France's Second COVID Lockdown Offers a Glimpse Into the Future

Although most agree new restrictions are needed, there is a sense the government isn't doing enough to support people financially.
November 2, 2020, 5:58pm
Montmarte​
Montmarte. All photos: Peter Yeung

The red neon lights of Aux Folies, a centuries-old bar in eastern Paris that was once home to a young cabaret singer called Édith Piaf, seem to glow a little dimmer than usual. Gone are the rowdy pavement terrace tables, usually crammed together. Upturning decades of tradition, this historic drinker’s institution now sells takeaway pizzas and charcuterie.

Wally Senhadji, a 46-year-old who first began working at Aux Folies in the 1990s, says that trade is down around 80 percent since the summer. When compared with the normal business levels being reached before the coronavirus pandemic arrived in France nearly a year ago, he adds, takings could be down by as much as 98 percent.

“This place has been around for more than 100 years,” says Senhadji, one of the bar’s 10 full-time employees. “It’s survived through the First and Second World Wars. It is part of the spirit of this neighbourhood. This is an extremely difficult time. But we won’t let the pandemic kill us.”

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Wally Senhadji

Following on from a strict two-month lockdown in March and April, France began its second nationwide lockdown on Friday in an effort to curb the country’s surging number of confirmed COVID-19 cases. The lockdown is expected to run until at least the 1st of December, though it could be extended.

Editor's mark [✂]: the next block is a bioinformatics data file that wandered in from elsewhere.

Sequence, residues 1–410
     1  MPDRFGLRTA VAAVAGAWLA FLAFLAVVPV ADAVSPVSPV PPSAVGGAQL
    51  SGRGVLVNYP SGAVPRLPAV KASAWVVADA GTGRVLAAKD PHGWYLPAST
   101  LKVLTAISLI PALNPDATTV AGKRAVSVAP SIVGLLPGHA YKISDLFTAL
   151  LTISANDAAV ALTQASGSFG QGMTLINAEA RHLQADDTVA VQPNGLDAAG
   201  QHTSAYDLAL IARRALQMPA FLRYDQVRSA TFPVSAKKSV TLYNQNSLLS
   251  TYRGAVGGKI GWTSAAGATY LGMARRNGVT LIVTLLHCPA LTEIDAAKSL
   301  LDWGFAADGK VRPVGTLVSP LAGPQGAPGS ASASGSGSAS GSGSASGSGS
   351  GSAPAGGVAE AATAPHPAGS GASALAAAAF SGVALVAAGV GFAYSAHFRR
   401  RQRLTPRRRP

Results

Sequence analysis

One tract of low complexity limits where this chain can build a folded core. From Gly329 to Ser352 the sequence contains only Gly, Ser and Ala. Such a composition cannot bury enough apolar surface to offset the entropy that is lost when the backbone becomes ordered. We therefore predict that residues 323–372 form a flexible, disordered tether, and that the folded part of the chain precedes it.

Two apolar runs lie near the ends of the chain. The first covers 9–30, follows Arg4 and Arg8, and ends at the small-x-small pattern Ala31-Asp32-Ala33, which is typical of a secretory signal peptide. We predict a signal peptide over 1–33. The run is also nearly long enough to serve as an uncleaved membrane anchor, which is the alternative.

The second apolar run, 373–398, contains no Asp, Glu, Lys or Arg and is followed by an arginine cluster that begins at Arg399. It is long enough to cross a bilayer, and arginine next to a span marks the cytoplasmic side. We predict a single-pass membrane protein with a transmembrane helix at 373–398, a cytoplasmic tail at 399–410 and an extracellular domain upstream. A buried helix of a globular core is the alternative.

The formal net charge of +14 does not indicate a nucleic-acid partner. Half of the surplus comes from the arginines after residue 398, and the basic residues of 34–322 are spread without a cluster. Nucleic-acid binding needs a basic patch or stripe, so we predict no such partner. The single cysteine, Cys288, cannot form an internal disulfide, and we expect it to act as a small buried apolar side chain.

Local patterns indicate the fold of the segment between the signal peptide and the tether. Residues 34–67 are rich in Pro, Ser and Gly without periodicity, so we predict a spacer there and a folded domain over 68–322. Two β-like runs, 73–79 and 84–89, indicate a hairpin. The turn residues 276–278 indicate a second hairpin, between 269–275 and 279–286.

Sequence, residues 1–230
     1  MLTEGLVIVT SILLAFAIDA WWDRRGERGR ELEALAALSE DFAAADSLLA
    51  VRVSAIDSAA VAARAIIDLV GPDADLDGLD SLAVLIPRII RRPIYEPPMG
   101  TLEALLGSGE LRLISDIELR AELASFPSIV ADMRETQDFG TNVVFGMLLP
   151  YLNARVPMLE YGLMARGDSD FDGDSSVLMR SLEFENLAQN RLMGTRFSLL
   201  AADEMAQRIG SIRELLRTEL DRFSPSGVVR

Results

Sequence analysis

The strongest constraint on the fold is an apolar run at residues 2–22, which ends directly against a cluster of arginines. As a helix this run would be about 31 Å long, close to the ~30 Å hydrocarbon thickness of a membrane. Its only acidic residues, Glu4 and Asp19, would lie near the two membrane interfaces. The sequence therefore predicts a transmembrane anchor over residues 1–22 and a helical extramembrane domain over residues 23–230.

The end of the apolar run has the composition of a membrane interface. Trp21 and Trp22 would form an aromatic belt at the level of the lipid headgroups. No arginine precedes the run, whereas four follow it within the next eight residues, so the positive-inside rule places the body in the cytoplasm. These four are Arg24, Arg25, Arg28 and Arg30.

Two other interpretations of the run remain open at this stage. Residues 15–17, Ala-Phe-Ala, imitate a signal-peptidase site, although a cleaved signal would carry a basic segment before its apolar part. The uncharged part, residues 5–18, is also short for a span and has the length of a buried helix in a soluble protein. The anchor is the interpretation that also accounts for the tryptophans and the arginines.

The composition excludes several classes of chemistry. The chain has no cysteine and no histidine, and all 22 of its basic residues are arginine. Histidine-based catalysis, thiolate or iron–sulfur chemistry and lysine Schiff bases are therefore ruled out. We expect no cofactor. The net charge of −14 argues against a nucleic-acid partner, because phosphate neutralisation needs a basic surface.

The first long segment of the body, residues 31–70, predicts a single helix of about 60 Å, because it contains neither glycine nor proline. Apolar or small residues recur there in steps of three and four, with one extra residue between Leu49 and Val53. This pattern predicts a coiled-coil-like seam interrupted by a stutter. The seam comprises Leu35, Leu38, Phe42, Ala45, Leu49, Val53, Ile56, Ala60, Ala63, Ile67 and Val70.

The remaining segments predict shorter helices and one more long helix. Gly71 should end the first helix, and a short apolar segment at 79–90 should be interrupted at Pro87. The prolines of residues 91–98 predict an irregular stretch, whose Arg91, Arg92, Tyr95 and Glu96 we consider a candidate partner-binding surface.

President Emmanuel Macron delivered a televised address from the Élysée Palace on Wednesday, saying the measures were needed to apply a “brutal brake” to infections, admitting recent efforts to contain the virus – including a 9pm curfew that applied to two-thirds of the population – had not worked. Since the start of the pandemic, there have been 37,000 deaths and 1.4 million cases, according to the French public health authority, including 52,000 cases recorded last Saturday alone.

Yet Macron’s latest response to the pandemic – which will see schools remain open but “non-essential” businesses, including bars, restaurants, and cultural venues, close for at least a month – is coming under criticism from the public. 

“Of course the lockdown is necessary but small, independent businesses like ours will suffer the most,” adds Senhadji of Aux Folies. “Why should huge DIY shops and electronics stores full of people be able to stay open, while we must close?”

The prickly issue of how the French government has come to define what exactly an “essential” business is has drawn widespread condemnation. Bookshops were among those to be deemed non-essential, while “multi-specialist brands” like Fnac-Darty, which sells computer equipment, has been authorised to remain open – yet a backlash meant it was forced to close all of its cultural aisles. Even with that imbalance settled, many booksellers face a grim future over the coming months.

 “As much as a third of our sales come in December, ahead of Christmas,” says Ablan Perrine, 34, who works at Le Genre Urbain in Belleville, which is still serving customers who can’t enter but instead collect purchases at the entrance of the bookshop. “Online companies like Amazon are the ones who will benefit from this. We are not responsible for this crisis, we always respected the health regulations. The government didn’t act early enough elsewhere – that’s why there are problems.”